Tackling obesity is one of the greatest long-term health challenges this country faces. Almost two-thirds of adults are above a healthy weight, with half of these considered to be in the category of obesity. This is more than just an older age issue though, as currently there are 1 in 3 children leaving primary school who are considered to be overweight.
There are many health-related issues that obesity is linked to, spanning from all sorts from mental health issues to reduced life expectancy. It is a risk factor for a range of chronic diseases, including cardiovascular disease, type 2 diabetes, at least 12 kinds of cancer, liver and respiratory disease.
The national obesity pandemic is being recognised by the government though, which is seeing a number of laws coming into affect in the near future in an attempt to reduce the amount of overweight people in our country. It is thought that tackling obesity is currently one of the biggest strains on the NHS as well, making it even more crucial to try and combat the issue. Below is a list of the new laws that are being put in place to help tackle the crisis;
- Ban on TV and online adverts for food high in fat, sugar and salt before 9pm
- End of deals like ‘buy one get one free’ on unhealthy food high in salt, sugar and fat
- Calories to be displayed on menus to help people make healthier choices when eating out – while alcoholic drinks could soon have to list hidden ‘liquid calories’
- New campaign to help people lose weight, get active and eat better after COVID-19 ‘wake-up call’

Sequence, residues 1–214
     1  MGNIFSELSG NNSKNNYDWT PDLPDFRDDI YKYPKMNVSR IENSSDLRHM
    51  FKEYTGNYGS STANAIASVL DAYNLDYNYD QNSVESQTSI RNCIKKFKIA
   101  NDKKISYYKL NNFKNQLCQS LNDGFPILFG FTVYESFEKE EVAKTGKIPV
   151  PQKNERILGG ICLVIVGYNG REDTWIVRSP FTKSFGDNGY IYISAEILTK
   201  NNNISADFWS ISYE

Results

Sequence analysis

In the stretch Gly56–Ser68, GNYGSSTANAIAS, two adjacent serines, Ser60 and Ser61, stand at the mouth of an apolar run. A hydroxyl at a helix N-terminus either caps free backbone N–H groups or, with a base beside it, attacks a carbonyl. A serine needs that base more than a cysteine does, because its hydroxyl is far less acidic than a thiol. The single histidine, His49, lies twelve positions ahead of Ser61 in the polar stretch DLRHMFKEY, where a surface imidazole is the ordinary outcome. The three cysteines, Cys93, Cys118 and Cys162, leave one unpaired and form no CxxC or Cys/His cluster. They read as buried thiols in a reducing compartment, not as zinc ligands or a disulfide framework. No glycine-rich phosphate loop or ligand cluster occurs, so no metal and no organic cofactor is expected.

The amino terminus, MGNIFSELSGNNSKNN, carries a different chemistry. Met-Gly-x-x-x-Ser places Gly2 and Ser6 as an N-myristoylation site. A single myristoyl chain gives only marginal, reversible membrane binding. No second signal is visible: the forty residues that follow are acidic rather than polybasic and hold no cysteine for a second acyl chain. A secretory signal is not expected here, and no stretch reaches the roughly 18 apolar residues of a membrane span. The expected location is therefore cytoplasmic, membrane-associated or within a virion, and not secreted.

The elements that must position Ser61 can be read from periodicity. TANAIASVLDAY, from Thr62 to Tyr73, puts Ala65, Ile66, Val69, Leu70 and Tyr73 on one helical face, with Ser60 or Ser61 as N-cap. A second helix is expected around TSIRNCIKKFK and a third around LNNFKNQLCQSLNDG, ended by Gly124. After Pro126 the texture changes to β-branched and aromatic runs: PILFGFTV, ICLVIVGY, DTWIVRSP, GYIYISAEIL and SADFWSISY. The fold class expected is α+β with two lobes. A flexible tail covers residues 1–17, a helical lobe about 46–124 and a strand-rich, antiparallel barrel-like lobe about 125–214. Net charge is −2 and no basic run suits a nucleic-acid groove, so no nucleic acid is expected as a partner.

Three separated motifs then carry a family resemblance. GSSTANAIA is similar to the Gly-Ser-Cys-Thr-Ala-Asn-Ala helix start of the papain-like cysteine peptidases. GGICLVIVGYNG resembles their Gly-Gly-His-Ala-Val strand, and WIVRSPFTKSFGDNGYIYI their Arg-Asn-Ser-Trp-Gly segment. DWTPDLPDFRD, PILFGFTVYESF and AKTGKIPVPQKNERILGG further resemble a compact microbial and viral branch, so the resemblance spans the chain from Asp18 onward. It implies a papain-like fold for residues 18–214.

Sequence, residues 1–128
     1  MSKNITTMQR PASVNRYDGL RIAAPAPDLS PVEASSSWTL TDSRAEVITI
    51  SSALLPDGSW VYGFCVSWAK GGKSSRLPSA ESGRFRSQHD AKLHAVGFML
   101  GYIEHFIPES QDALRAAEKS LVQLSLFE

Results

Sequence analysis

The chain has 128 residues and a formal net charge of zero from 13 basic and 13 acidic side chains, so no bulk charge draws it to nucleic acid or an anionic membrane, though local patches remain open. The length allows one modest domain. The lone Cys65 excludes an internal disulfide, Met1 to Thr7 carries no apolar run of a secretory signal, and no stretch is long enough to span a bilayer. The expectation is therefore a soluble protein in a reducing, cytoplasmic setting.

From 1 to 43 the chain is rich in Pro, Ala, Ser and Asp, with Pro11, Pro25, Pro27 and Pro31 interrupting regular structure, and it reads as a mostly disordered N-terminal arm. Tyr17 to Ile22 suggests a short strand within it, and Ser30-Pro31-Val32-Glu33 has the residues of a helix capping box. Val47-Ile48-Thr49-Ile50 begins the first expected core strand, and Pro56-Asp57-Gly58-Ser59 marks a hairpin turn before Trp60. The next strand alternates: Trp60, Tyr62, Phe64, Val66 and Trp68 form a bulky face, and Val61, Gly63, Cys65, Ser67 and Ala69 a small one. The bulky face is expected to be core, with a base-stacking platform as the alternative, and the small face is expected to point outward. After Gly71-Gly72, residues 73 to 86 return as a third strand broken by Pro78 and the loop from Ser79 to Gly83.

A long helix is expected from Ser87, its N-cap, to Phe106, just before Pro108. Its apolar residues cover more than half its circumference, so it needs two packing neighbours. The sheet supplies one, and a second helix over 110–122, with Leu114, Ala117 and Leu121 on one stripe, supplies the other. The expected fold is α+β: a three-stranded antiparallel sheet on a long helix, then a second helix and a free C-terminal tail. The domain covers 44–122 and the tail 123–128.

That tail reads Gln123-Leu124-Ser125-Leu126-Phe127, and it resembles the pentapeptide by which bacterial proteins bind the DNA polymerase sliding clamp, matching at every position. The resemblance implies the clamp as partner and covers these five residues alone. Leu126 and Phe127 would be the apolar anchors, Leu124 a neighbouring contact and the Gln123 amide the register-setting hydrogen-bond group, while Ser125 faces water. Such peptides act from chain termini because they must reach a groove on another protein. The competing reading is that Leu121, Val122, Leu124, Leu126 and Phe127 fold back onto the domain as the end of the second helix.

The best way to tackle obesity is a combination of exercise and healthy eating. Now this doesn’t mean every minute of the day you’ve got to be doing some sort of working out such as running or lifting weights, but it is a good idea to incorporate a number of different exercises into your week. A good start would be to start walking. Now is the best time to do this as well, considering we’re at the nicest time of the year and will hopefully see a few weeks of dry and warm weather. This is also a measurable exercise, as you can measure how far you’ve walked and how long it took you, as well as considering how you feel and how tired you are during and afterwards.
Healthy eating is just as important as working out though, as the body will naturally burn 2000/2500 (as an average for each gender), which is explained in more depth by the Daily Calorie Intake, linked beforehand to the NHS’ website. Marry this theory up with a low calorie diet and you should be losing weight, which is due to a calorie deficit – which is probably the most important thing when it comes to losing weight, and can be read about in more detail in our Calorie Deficit Explained Blog. This then means that as long as you are consuming less calories in your food and drink compared to what you are burning off, you should be able to lose weight and improve your fitness.
Why not have a look at our weekly meals plans, which can be personally picked by yourself or cater made by our experienced team of nutritionally clued up and trained chefs to help you reach your goal. We also have plans available if you’d like to build muscle as opposed to simply lose weight – so there really is something for everyone on our website, including healthy sweet treats!